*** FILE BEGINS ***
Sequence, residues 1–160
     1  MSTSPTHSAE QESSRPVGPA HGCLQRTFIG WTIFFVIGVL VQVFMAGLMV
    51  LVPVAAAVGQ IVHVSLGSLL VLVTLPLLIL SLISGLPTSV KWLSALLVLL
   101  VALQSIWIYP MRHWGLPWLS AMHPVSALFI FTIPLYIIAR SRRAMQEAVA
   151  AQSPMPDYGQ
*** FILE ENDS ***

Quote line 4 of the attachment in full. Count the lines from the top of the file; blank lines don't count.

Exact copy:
   101  VALQSIWIYP MRHWGLPWLS AMHPVSALFI FTIPLYIIAR SRRAMQEAVA